With a few exceptions, the cast is splendid. It absolutely requires three major leads: Roxie Hart and Velma Kelly, the chorus girl and the cabaret singer; and Billy Flynn, the “I’ll get you off and make you famous” lawyer. Billy’s method of defending his clients (all of whom seem to be washed up chorus girls-come-killers) is by using the media to turn them into ridiculous glamorized criminal celebrities. “Which sexy murderess will be the new ‘Toast of Cook County Jail’”? the media’s “Top Murderess of the Week”?
Richard Gere set the ultimate standard for slickest legal sleaze artist as Billy Flynn in the film; Huntington University’s Philip Black is a somewhat understated Billy at Timber Lake, but definitely holds up very well. He sings and moves with great aplomb. (Although his physical manipulation of the ventriloquist number needs to be more obvious to the audience—his hands on her elbows, perhaps.)
But in the end, this whole show revolves around and depends upon the two actresses playing Roxie and Velma. Here is where Director Beaudry’s casting skills proved brilliant. Andrea Leach is a genuine powerhouse as Velma Kelly. Her singing and her acting are strong and exciting; her sense of comedy is sharp and mischievous; and her dancing! Wow! What a body! And what fun to watch!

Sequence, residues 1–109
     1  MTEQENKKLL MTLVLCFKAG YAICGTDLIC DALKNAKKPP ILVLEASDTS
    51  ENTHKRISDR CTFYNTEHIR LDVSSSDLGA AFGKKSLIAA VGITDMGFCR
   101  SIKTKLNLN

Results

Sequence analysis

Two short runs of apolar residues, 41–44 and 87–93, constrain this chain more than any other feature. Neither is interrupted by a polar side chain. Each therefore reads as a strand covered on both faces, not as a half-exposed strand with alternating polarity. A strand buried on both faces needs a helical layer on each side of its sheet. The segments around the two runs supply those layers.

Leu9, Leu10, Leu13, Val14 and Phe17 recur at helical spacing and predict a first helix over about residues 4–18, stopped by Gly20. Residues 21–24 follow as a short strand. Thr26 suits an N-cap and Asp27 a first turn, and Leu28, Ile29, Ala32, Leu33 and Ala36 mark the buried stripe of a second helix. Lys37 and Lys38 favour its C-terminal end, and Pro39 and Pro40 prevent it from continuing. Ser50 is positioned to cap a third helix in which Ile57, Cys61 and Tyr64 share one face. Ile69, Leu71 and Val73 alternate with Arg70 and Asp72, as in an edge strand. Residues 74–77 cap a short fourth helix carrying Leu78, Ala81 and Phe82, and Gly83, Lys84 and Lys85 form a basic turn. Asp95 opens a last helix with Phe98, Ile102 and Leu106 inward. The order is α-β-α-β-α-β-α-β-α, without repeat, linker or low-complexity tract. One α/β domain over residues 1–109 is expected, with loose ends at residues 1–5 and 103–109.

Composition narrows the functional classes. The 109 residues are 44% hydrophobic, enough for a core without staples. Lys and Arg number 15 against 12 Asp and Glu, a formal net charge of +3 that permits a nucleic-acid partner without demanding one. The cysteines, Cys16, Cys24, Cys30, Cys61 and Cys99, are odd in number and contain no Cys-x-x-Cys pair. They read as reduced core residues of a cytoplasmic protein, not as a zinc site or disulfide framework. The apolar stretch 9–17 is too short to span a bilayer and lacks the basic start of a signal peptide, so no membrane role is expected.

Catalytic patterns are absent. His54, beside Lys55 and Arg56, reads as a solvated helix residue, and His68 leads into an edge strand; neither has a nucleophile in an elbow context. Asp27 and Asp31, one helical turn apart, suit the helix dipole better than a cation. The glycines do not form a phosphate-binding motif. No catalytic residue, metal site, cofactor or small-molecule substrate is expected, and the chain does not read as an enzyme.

Equally trained and talented, Jenny Guse is sheer genius as Roxie Hart. A recent graduate of Millikin University, she returns to TLP this year as a guest performer. She has an uncanny connection with her audience, without being imposing or condescending. She is just a natural, with a great voice and a devilish little grin. She and Ms. Leach share the stage in competition as characters, but with great professionalism as co-performers.
The role of Matron Mama Morton, who wheels and deals with the media and her prison charges (played by Queen Latifah in the movie), is played by Missouri State University’s Samantha Barboza. Perhaps a bit young for the role, she does a commendable job, but needs more power, more shrewdness and cunning.
Currently a junior theater major at Baldwin Wallace Conservatory of Music, Jay Ellis has a lovely voice; but in the role of Amos Hart (“Mr. Cellophane”), he is mis-cast and mis-directed. Whether the costume was just ill-fitted or he was directed to move/walk as he did, the character was discomforting. I will look forward to seeing him in another show.
I know there are quite a few Rockford and stateline folks who know about and are frequent attendees at Timber Lake. I encourage everyone to check it out this summer…especially this week…to still see Chicago. Even if you saw it last week in Rockford, this would be the perfect chance to compare.
TLP has five more shows to offer this summer. The next show, the wonderful and poignant Steel Magnolias, opens Thursday, June 17. And after that, they are doing the old favorite musical Oklahoma! from July 1 to 11.
For information, call (815) 244-2035 or go online at www.timberlakeplayhouse.org.
From the June 9-15, 2010 issue